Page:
Meta Accused Of Targeting Youth With Addictive Features In Bipartisan Attorneys General Suit

Zinger Key Points
  • 42 attorneys general sue Meta over addictive features targeting youth.
  • Internal documents reveal Meta knew products could harm young users.

In a major legal move, 42 attorneys general from various political backgrounds have united to file a lawsuit against Meta Platforms Inc META. The suit alleges that the company's features on its Facebook and Instagram platforms are not only addictive, but are also specifically targeted at younger users.

What Happened: Meta is grappling with multiple legal challenges across different jurisdictions. While 33 state attorneys general, including those from states like California, New York and Wisconsin, have launched a federal lawsuit in the Northern District of California, nine others are pursuing legal action within their respective states, CNBC reports.

This isn't the first instance of state attorneys general coming together against Meta. The company faced antitrust lawsuits in 2020 from 48 states and territories, in addition to a separate complaint from the Federal Trade Commission.

The crux of the allegations unleashed Tuesday is that Meta intentionally designed its platforms to retain young users for extended periods, according to CNBC. The design elements under scrutiny include algorithm-driven content, incessant notifications and the "infinite scroll" feature.

Features like "likes" and image filters, which could potentially harm teens' mental well-being, are also under the lens.

Also Read: Instagram Issues 'Sincere' Apology After Accidentally Labeling Some Palestinian User Profiles As 'Terrorist'

The federal lawsuit highlights Meta's alleged breach of the Children’s Online Privacy Protection Act (COPPA). The company is accused of unlawfully collecting data from users below 13 years of age without obtaining parental consent. The states are not only seeking an end to these practices, but also demanding penalties and restitution, CNBC reports.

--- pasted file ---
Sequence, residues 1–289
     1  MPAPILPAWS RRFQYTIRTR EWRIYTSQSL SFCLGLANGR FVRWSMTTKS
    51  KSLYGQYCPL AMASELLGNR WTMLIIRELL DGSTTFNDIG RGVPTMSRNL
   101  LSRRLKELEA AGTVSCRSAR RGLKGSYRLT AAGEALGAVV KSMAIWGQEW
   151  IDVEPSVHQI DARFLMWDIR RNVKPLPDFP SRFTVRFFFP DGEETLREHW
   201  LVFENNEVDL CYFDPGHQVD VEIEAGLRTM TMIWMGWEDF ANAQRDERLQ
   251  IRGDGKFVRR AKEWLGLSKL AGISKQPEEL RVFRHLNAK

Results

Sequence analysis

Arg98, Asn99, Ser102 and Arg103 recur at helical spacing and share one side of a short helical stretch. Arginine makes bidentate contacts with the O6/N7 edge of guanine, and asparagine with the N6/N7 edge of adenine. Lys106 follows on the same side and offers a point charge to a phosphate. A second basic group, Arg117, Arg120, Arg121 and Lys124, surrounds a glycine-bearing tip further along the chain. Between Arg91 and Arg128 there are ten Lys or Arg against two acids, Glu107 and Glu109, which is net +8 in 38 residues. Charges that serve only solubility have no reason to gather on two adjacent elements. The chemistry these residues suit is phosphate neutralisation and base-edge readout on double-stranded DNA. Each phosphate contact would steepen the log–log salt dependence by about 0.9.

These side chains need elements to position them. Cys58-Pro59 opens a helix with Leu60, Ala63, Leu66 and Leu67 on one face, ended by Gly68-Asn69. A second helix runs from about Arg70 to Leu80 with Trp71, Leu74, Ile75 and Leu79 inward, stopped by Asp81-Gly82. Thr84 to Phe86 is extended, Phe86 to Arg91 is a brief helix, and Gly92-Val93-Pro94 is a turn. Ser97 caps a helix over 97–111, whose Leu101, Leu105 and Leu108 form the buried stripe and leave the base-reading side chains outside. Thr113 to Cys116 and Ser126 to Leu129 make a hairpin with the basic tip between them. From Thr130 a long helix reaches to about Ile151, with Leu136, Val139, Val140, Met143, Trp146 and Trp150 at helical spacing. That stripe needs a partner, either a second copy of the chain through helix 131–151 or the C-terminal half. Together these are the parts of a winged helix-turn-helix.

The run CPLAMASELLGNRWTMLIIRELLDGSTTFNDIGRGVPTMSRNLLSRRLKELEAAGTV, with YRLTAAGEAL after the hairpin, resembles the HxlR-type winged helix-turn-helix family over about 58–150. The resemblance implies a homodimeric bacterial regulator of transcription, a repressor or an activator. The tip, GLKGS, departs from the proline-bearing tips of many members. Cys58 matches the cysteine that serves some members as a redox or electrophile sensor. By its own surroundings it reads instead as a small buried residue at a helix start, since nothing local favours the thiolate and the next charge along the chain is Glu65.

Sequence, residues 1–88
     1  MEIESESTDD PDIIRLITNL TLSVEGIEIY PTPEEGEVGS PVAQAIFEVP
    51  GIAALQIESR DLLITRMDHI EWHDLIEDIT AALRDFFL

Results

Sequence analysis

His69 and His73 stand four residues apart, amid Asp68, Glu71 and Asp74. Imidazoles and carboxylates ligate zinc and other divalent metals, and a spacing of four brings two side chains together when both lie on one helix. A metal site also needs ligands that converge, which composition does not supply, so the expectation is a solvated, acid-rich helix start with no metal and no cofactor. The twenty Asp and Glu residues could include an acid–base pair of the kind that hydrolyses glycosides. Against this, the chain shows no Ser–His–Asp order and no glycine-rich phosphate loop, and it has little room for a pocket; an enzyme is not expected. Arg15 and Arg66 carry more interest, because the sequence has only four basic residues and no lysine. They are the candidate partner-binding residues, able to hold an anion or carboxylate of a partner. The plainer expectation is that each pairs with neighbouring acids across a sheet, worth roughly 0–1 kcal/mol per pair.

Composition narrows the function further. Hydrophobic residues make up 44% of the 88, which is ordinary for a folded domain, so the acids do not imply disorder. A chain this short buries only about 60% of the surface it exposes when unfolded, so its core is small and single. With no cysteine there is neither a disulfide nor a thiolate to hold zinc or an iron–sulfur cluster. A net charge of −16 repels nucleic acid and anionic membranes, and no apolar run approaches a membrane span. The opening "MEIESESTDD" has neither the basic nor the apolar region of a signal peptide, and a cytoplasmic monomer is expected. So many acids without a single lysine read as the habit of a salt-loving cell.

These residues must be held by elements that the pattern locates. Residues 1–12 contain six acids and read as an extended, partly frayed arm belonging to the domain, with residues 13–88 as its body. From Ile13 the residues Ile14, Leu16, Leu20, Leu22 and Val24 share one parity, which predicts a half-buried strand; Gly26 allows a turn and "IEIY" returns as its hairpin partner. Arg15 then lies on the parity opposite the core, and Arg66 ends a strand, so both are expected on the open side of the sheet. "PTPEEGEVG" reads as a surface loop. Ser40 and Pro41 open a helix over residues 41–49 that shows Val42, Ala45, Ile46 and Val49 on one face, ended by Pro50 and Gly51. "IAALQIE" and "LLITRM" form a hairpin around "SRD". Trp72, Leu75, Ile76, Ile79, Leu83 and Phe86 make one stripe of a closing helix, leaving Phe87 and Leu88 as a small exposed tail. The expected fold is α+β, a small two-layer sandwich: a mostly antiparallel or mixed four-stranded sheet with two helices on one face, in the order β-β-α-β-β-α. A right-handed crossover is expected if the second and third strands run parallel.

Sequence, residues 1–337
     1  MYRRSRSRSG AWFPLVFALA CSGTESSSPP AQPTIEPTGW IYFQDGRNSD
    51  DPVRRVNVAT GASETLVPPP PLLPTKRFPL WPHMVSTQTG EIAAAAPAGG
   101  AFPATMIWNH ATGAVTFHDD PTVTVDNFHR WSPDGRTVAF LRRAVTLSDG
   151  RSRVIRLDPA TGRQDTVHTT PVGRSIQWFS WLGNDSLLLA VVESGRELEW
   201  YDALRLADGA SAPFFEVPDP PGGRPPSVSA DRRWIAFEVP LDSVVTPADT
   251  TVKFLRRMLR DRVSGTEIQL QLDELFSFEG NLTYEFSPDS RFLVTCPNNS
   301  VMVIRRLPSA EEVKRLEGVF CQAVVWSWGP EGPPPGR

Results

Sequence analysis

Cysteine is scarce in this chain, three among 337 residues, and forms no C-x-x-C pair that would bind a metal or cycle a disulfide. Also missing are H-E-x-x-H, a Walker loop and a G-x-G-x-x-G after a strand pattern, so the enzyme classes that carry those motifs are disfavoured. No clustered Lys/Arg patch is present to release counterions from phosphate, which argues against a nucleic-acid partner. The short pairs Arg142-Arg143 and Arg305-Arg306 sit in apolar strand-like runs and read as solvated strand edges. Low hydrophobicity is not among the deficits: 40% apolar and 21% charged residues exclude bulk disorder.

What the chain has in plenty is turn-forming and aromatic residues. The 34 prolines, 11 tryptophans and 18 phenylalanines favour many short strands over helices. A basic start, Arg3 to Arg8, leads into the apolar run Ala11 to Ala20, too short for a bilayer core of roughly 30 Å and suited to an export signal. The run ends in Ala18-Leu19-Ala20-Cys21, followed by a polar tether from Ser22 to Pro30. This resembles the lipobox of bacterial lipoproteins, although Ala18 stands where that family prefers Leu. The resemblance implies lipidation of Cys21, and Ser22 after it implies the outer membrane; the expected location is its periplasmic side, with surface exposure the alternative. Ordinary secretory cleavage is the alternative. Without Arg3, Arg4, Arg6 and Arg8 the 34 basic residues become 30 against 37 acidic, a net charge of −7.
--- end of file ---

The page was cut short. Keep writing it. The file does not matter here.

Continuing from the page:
In response, Meta spokesperson Andy Stone indicated the company was "disappointed" in the legal route chosen by the attorneys general and emphasized the Meta's commitment to ensuring a safe online environment for teens.

Why It Matters: Despite public denials, internal documents suggest that Meta was cognizant of the potential harm its platforms could inflict on young users. According to New York Attorney General Letitia James, "Meta’s own internal research documents show its awareness that its products harm young users." This revelation became public when former Facebook employee Frances Haugen leaked internal documents in 2021, highlighting the negative impact of Instagram on teens.

Now Read: Mark Zuckerberg's Threads Now Lets You Edit Posts, And Won't Charge You For It Like Elon Musk's X

This content was partially produced with the help of AI tools and was reviewed and published by Benzinga editors.

Photo: Shutterstock. 

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Posted In: NewsSocial MediaLegalTop StoriesTechGeneralAI GeneratedFrances HaugenLetitia James
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